The Odd Blog

And when our cubs grow / We'll show you what war is good for

Fascinating yet rather icky medical procedure

Posted by That Other Mike on 01/01/2008

(HT to a commenter at Pharyngula who linked to it)

Faecal transplants. Yes, you read that correctly. Faecal transplants.

The procedure, as documented here at Aetiology, is based around the replacement of bad gut bacteria with good ones.

As we all know from our science classes or from watching probiotic drink adverts, our guts are absolutely teeming with bacteria. They help us to digest our food, maintain our immune system and act as a kind of block to harmful bacteria getting in.

However, as Dr Smith at Aetiology mentions, sometimes unhealthy bacteria end up booting out the healthy variety or colonise when a broad spectrum antibiotic wipes them out during treatment for something else.

Some of the unhealthy bacteria, such as Clostridium difficile, can be as difficult to shift as that last annoying guest who just won’t leave when you’re trying to wind down the party at 3:00 a.m. C. difficile is rather nasty in its effects – it produces several toxins which cause bowel inflammation and recurrent severe diarrhoea. In bad cases, patients are effectively looking at a life surrounded by white tiles, and in the worst it can even kill.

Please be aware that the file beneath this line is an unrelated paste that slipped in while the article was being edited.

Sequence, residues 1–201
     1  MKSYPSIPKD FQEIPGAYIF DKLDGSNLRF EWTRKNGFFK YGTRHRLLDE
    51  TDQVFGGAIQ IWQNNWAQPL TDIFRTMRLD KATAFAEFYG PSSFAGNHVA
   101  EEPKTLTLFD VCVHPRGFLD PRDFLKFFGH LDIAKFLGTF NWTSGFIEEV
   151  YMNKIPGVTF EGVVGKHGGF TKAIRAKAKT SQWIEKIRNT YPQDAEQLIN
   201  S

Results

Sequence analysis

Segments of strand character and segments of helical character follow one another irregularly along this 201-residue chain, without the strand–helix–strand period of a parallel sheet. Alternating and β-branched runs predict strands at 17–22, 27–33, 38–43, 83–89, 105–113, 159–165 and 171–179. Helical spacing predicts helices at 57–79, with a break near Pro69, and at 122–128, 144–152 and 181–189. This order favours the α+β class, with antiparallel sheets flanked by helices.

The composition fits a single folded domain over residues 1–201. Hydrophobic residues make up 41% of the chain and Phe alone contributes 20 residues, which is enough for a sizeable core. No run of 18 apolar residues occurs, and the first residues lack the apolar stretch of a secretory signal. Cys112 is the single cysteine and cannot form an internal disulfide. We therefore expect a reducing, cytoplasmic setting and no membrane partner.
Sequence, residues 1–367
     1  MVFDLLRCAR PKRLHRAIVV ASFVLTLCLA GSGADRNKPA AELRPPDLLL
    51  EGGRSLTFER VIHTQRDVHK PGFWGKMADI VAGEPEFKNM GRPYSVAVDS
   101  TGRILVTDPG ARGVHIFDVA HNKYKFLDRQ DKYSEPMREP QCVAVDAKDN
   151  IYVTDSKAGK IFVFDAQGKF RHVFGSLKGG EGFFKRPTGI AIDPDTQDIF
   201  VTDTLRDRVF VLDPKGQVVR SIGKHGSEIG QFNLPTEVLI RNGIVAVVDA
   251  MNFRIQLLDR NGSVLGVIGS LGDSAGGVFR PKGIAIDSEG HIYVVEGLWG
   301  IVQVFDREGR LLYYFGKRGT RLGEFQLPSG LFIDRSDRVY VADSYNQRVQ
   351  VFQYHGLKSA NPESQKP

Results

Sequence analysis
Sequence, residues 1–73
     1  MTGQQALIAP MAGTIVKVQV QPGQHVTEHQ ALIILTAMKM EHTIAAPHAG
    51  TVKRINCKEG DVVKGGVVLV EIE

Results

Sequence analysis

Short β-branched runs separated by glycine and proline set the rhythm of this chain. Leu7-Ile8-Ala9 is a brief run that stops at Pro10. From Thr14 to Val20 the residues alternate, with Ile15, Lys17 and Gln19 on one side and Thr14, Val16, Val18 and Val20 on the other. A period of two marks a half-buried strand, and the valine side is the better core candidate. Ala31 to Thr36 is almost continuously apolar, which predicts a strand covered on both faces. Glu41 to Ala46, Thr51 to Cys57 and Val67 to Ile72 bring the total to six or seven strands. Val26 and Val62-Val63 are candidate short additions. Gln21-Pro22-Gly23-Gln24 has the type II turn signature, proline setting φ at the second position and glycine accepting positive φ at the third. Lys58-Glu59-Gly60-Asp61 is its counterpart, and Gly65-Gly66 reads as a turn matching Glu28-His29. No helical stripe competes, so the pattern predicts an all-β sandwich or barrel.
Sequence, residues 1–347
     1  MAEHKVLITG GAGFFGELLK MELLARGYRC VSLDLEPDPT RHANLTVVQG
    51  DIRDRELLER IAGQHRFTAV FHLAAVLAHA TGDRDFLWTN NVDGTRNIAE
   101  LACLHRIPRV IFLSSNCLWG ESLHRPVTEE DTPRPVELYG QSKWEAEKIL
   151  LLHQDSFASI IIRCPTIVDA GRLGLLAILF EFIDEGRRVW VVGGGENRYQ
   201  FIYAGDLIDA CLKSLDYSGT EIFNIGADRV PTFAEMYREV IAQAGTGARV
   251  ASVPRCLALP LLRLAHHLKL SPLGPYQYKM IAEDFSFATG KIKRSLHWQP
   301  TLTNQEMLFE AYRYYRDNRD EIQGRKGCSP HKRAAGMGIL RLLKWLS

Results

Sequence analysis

Faecal transplants basically involve straining out all the bad stuff from a healthy person’s stools (like the excreted toxins, waste matter and so on) to leave a soup of healthy bacteria, which is then introduced into the patient by enema or directly into the small intestine by nasogastric tube.

There is apparently a 95% success rate in treating C. difficile using this method.

Fascinating stuff, and it looks to have a lot of potential medical applications. It still has the yuk factor, though this may lessen once it’s been more thoroughly researched and more widely applied.


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